But in 2018, two things completely turned Olesen's life around. He was able to both qualify for disability and to move into an affordable housing community in Miami's Goulds neighborhood called Karis Village.

When people think of affordable housing, they don't usually picture a place like Karis Village. The 88-unit development is brand new, and built with an attention to design that is not always expected for developments that serve as home to people on limited incomes. The apartments have tile floors, marble countertops, and all new appliances and furniture, and the grounds are beautiful and well-kept, with a playground and common areas for residents to gather.

Brian Olesen in his kitchen at Karis VillageCapital One

Karis Village isn't just a housing development; it's a home and a community. Half of the units are set aside for veterans who have experienced homelessness, like Olesen. The other half are largely occupied by single-parent families.

"To me, this building was just a gift," says Olesen. "All of the different parties that got together to put this building together… making half the building available to veterans. We've got no place to go."

Addressing veteran homelessness was one of the goals of Karis Village, which was built through a partnership that included Carrfour Supportive Housing — a mission-driven, not-for-profit affordable housing organization in southern Florida — and Capital One's Community Finance team. More than just an affordable place to live, the community has full-time staff on hand to help coordinate services—from addiction recovery programs to transportation options to job search and placement. Also included are peer counselors who provide emotional and psychological support for residents.

Karis Village, an affordable housing community in Miami, Florida.Capital One

Carrfour President and CEO Stephanie Berman says the core function of the services team on site is to build a supportive community.

"Often when you think of folks leaving homelessness and coming into housing, you think of shelters or some kind of traditional housing," she says. "You don't really think about a community, and that's really what we build and what we operate. What we're really striving to create is community. We find that our families thrive when you create a sense of community."

The intention to create a supportive community at Karis Village was a priority from the get go. Fabian Ramirez, a Capital Officer on Capital One's Community Finance team, says the bank did a listening tour in southern Florida to explore community development and affordable housing options in the area and to hear what was most needed. After deciding to partner with Carrfour, the bank provided not only an $8 million construction loan and a $25 million low income housing tax credit (LIHTC) investment to help build Karis Village, but it also kicked in a $250,000 social purpose grant to help fund the social support services that would be put in place for residents.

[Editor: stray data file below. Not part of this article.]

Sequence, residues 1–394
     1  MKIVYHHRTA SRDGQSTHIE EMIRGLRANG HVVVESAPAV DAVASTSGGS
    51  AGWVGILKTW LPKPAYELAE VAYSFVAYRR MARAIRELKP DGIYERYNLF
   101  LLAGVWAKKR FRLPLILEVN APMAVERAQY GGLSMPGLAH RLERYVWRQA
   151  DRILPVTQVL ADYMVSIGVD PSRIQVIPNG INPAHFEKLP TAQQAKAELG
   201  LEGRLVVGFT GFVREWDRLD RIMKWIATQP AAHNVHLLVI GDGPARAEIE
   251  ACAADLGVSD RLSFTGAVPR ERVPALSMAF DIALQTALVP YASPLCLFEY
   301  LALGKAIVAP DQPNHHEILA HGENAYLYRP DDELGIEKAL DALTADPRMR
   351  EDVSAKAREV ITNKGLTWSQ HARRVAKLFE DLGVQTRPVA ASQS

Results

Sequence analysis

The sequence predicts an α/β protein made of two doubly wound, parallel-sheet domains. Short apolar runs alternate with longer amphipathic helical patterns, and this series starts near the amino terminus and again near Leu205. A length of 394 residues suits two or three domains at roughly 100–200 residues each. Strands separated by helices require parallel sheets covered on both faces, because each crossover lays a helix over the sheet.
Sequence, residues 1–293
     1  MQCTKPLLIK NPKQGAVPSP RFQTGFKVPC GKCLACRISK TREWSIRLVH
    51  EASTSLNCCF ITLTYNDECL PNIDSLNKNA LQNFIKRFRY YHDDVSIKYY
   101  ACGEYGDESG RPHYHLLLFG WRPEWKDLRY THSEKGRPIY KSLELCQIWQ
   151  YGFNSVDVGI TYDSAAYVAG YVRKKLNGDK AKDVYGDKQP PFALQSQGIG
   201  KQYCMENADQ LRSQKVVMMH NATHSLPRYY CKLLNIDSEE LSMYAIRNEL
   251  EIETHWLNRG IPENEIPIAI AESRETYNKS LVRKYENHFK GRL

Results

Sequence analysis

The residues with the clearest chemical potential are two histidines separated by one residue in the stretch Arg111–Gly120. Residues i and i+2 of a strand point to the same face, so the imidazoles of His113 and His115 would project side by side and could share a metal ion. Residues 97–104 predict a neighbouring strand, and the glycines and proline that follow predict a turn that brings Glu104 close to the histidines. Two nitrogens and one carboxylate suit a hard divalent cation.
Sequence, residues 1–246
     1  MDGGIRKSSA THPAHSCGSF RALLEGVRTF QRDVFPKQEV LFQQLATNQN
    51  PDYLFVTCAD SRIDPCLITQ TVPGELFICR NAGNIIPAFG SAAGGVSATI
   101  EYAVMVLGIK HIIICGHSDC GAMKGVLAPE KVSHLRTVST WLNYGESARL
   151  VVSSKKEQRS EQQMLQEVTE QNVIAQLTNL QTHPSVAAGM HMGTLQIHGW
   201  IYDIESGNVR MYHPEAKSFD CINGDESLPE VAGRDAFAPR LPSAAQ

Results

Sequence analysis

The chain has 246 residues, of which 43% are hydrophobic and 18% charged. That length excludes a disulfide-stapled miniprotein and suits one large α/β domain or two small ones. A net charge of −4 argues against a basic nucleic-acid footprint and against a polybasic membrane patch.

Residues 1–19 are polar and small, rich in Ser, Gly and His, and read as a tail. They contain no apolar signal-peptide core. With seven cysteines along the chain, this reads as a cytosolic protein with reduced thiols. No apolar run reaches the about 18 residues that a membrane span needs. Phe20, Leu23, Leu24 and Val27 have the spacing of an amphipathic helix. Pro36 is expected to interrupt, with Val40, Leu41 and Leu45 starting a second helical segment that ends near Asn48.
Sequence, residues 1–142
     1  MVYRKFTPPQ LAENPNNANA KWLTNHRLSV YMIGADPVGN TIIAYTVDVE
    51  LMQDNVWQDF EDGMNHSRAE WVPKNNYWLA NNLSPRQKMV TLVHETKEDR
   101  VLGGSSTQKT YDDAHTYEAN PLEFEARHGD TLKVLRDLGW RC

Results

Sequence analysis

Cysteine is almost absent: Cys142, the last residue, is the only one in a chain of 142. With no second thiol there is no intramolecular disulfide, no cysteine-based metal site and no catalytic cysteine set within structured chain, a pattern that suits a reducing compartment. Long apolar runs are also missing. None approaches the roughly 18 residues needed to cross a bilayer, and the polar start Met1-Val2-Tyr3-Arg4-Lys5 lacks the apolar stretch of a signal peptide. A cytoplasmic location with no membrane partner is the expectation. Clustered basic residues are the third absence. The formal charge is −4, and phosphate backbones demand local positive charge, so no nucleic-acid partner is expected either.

"It's not just all about providing the brick and mortar," says Ramirez. "It's about being able to contribute to the sustainability of the development and of the lives of the people who move into the building."


Capital One

Olesen says he and his fellow residents benefit greatly from the network of support services offered in the building. He says a counselor comes to meet with him once a month, sometimes right in his apartment. He also gets help maintaining a connection with the Veteran Affairs office. Other services include social workers and counselors for drug addiction and alcoholism.

Olesen loves being around other veterans, and he says hearing the sound of children playing keeps the community lively. He says anywhere else he could afford to live on disability wouldn't be nearly as nice and would likely involve shared kitchens and bathrooms and neighborhoods you wouldn't want to go out in at night.

If it weren't for Karis Village, Olesen says he doesn't know where he would be today: "I had nowhere to go and this is a safe, beautiful place to spend my retirement."

"I don't think they could have done a much better job of putting this place together and supplying us with what we need," he says. "I have so much appreciation for the ability to have a place to live. And then you add to that that it's beautiful and completely furnished and you didn't need to bring anything—I don't know what more you could ask for."

Karis Village and another development for veterans built the same year enabled the neighborhood of Goulds to meet the requirements set forth by the U.S. Department of Housing and Urban Development to declare an end to veteran homelessness in the area.

Ending veteran homelessness altogether is a complex task, but communities like Karis Village show how it can be done—and done well. When government agencies, non-profit organizations, and corporate funding programs come together to solve big problems, big solutions can be built and maintained.

Future Edge
True
Capital One